Automakers are killing deals and focusing production on high-demand models as a result of the semiconductor shortage.
The automotive industry has been hit with by a shortage of semiconductors. The shortage began during the early days of the pandemic, when production was hit by lockdowns and COVID-19 outbreaks. Most recently, the shortage was exacerbated by an outbreak in Malaysia, impacting a region that supplies automotive semiconductors.
Virtually every major automaker has been impacted, with companies pausing production or shipping vehicles without their full compliment of chips. Despite the challenges, some companies are seeing upsides, namely the ability to kill deal-making as a result of the high demand caused by decreased production.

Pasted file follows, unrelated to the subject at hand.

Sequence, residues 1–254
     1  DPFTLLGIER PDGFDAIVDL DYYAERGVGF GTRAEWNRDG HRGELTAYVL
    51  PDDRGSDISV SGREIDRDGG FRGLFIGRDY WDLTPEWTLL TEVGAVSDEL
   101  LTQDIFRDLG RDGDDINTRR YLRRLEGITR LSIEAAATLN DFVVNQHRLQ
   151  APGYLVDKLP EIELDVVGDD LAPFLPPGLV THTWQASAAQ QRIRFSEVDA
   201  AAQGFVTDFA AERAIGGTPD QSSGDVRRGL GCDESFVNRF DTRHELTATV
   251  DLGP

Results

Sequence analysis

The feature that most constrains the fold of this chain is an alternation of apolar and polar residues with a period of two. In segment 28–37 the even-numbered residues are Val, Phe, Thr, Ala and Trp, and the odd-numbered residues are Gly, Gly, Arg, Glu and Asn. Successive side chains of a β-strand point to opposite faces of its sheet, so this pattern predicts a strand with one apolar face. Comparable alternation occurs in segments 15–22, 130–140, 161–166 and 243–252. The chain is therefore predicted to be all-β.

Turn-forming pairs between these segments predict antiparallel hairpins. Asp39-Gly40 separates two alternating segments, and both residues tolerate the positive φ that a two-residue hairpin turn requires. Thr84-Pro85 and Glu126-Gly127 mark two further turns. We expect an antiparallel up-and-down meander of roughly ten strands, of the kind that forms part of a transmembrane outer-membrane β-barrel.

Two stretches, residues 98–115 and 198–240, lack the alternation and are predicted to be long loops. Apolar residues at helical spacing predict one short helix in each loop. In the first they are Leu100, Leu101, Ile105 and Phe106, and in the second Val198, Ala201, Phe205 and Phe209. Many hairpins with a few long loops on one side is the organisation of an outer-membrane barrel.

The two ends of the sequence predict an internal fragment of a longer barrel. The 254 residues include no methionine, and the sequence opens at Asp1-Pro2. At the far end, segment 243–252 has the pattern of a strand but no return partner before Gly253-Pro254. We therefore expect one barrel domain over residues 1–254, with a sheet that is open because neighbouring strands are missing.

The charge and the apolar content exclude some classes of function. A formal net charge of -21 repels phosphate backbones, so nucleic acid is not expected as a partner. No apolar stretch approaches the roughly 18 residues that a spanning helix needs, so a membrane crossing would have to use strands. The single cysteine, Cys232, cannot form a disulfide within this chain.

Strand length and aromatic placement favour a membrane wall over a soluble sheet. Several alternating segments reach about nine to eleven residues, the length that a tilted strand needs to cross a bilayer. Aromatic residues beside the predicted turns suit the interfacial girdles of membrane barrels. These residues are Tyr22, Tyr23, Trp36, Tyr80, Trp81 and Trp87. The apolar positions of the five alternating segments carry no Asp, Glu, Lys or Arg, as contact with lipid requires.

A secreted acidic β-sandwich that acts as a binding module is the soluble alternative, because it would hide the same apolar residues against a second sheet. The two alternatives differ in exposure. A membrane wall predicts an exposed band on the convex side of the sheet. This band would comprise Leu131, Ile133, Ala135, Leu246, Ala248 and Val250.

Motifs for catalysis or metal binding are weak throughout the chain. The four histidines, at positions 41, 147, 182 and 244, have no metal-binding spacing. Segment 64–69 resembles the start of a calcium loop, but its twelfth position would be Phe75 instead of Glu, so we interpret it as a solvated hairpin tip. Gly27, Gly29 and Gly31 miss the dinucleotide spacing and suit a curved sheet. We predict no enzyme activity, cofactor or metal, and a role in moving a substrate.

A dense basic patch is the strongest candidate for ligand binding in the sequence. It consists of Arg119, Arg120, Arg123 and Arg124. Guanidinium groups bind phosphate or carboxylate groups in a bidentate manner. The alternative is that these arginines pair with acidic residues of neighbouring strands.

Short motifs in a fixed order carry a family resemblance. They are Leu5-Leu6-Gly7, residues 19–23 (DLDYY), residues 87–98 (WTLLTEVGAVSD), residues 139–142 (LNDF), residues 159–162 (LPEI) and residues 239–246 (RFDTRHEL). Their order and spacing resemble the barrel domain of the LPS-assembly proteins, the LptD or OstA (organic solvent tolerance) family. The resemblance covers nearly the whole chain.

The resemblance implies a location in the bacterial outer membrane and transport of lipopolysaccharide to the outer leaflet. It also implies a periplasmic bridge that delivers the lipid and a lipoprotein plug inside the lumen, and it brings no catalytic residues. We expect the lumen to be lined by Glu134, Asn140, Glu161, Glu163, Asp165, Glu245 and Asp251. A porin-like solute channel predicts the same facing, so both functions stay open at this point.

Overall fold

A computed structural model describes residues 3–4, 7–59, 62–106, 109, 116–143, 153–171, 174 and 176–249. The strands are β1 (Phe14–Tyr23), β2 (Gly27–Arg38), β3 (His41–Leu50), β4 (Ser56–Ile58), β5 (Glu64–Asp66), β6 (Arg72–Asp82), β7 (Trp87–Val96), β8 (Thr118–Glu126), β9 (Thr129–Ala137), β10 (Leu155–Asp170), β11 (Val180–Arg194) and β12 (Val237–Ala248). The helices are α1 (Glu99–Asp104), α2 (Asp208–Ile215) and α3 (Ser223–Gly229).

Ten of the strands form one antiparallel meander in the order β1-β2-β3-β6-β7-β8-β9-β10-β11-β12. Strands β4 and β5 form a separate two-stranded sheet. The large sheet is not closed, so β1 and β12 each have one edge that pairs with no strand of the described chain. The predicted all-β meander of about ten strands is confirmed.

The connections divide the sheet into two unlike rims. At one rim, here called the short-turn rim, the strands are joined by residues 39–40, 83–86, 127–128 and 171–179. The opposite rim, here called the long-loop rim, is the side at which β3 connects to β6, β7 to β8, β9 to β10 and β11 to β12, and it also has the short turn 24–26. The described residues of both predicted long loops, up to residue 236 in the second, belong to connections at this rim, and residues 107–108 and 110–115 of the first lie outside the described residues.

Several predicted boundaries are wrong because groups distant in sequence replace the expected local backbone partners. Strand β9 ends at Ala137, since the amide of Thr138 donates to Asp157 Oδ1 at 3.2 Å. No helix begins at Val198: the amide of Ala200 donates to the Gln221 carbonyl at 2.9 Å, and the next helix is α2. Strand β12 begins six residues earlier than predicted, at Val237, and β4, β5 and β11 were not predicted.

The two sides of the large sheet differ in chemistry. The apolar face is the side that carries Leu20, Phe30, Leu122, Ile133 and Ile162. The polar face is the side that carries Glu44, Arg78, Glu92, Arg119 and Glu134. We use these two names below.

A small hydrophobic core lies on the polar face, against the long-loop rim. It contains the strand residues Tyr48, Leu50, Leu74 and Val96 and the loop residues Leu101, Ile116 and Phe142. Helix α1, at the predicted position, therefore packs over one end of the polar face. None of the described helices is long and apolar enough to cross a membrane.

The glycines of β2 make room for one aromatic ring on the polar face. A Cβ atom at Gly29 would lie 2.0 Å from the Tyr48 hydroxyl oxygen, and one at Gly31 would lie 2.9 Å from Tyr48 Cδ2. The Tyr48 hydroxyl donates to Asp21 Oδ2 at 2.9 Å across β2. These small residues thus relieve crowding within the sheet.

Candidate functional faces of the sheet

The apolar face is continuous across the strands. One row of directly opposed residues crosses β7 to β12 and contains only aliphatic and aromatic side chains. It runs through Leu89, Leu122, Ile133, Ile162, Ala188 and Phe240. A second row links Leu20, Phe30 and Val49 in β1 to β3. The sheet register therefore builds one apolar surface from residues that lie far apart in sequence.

According to Bloomberg, Mark Wakefield, a consultant at AlixPartners, said automakers are making $3,000 more per car, and as much as $10,000 on pickups, SUVS and other lucrative models. Analysts see this as a positive change, a healthy departure from the days of overproducing and selling inventory for barely a profit.
“It’s a fantastic opportunity,” Wakefield said. “Everyone’s been forced into the cooperation box because of the supply situation.’’